Sharma, who joined the School of Business in 1987, has previously served as vice dean of strategic initiatives and chair of the Department of Marketing. His research, which focuses on understanding markets, marketing strategy and productivity, and firm value creation and management, has been widely published in leading academic journals. Sharma has also consulted for such companies as Accenture, American Express, Audi, AT&T, Boston Scientific, Citrix, Ericson, Exxon, Goodyear, HP, IBM, MasterCard, MoneyGram, Motorola, Siemens, Sprint, Telecom Italia, Italia Mobil, Visa International, and Western Union.

Sharma’s awards include membership in the University of Miami Iron Arrow Honor Society.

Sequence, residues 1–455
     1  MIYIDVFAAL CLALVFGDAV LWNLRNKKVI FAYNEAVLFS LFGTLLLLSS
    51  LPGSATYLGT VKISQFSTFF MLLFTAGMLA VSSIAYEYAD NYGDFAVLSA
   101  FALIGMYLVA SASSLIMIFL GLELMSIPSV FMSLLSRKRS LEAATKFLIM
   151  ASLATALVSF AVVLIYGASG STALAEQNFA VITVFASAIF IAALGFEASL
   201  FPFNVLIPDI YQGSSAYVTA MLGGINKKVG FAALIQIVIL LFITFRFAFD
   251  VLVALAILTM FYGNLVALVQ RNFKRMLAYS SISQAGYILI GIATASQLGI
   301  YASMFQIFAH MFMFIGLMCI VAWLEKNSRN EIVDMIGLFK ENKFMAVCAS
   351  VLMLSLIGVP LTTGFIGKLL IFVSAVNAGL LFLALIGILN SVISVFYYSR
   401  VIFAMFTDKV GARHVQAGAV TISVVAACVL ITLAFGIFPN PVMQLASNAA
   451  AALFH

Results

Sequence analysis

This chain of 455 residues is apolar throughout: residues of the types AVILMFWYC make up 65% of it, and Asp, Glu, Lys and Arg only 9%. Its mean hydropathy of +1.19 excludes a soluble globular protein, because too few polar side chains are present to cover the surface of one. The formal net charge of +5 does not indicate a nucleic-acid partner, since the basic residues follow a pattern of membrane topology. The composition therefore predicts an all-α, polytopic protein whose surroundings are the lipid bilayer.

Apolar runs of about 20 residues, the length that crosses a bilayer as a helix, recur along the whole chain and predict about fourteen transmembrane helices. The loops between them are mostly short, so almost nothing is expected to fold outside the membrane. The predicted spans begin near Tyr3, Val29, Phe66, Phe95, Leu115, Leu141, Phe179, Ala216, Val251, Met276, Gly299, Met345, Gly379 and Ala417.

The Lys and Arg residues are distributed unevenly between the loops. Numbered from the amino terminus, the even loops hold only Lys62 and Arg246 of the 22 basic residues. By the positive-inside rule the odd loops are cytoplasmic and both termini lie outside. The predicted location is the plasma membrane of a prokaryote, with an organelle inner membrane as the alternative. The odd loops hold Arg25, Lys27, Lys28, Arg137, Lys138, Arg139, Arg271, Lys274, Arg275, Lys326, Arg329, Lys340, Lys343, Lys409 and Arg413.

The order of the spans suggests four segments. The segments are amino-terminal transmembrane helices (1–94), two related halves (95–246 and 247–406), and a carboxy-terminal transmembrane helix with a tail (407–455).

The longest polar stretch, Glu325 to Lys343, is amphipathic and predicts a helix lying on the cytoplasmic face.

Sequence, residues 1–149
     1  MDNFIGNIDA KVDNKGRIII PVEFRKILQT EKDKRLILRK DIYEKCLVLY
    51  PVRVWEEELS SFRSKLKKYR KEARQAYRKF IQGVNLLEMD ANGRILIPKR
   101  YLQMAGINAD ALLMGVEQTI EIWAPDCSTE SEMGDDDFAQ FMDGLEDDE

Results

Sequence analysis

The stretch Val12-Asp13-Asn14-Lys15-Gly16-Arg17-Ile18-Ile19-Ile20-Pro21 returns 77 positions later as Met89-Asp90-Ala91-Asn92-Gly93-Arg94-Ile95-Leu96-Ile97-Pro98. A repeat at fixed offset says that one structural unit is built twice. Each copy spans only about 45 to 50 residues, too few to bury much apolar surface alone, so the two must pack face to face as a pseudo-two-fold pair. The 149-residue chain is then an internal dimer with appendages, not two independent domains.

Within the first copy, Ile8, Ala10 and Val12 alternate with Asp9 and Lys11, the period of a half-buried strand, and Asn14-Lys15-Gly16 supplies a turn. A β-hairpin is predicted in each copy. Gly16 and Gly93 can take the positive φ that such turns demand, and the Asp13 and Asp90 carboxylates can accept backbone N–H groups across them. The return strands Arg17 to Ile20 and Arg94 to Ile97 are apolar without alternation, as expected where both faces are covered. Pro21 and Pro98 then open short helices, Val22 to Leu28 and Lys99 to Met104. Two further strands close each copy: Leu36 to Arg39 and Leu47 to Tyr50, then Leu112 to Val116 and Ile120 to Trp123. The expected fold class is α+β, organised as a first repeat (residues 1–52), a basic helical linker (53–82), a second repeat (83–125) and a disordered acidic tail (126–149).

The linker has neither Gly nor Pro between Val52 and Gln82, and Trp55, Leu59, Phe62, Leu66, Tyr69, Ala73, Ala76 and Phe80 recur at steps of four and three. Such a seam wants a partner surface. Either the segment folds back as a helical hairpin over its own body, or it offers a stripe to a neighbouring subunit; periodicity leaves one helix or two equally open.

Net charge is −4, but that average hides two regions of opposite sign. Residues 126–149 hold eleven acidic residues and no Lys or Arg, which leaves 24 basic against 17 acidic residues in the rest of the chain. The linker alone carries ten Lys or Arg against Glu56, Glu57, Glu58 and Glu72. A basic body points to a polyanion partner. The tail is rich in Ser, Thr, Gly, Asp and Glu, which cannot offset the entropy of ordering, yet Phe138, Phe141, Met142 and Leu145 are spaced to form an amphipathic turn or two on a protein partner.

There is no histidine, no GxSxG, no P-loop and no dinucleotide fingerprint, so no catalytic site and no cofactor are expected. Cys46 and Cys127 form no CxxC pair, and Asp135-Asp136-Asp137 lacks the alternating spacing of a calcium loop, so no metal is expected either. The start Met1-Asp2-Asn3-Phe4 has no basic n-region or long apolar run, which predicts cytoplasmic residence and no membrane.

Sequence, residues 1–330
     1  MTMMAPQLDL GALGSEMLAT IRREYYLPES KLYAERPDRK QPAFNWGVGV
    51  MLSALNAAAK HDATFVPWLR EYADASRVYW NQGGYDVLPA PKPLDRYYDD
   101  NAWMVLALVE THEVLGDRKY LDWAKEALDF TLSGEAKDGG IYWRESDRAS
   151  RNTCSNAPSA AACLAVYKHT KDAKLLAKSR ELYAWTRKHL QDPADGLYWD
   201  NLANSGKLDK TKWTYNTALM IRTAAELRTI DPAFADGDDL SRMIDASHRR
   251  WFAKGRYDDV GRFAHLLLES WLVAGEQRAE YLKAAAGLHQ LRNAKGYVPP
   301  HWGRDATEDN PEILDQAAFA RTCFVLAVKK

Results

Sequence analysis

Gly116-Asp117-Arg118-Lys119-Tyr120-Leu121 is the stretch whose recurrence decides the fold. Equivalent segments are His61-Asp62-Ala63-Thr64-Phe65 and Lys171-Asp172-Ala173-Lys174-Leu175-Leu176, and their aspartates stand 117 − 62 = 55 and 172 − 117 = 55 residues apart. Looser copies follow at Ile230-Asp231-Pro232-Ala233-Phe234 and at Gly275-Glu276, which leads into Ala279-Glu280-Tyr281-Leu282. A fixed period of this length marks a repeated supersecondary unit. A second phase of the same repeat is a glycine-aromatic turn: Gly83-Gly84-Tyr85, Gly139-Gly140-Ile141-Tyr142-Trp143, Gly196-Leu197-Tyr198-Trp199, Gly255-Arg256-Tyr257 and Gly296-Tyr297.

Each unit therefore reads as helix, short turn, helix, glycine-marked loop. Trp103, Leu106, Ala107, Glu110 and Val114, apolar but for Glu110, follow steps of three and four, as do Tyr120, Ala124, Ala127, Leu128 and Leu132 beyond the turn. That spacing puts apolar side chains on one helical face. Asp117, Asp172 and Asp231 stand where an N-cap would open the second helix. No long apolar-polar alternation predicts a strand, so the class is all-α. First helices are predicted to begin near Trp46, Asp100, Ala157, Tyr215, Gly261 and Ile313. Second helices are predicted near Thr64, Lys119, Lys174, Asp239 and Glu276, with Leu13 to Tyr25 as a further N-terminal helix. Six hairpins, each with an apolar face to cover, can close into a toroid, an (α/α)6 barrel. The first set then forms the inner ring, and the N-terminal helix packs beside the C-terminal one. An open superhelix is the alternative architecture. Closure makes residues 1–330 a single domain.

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Berg Named Artistic Advisor of JAZZ ROOTS

Special to UM News

Shelton D. 'Shelly" Berg

Shelton G. ‘Shelly’ Berg

MIAMI, Fla. (July 12, 2016)—The Adrienne Arsht Center for the Performing Arts of Miami-Dade County has appointed Frost School of Music Dean Shelly Berg as artistic advisor for its thrilling six-concert JAZZ ROOTS 2016-2017 season. A world-renowned musician, composer, and educator, Berg has been involved as a collaborator on JAZZ ROOTS since its inception. The Arsht Center invited Berg to expand his role to include assisting with creative direction for the series following the passing in 2015 of JAZZ ROOTS co-founder and co-creator Larry Rosen, with whom Berg also collaborated for many years.

The ninth season of JAZZ ROOTS will launch befittingly with an all-star tribute to Rosen, commissioned especially for the 10th anniversary of the Arsht Center. The extraordinary season will continue with five musically diverse concerts, each starring some of the most celebrated headliners in the music industry today.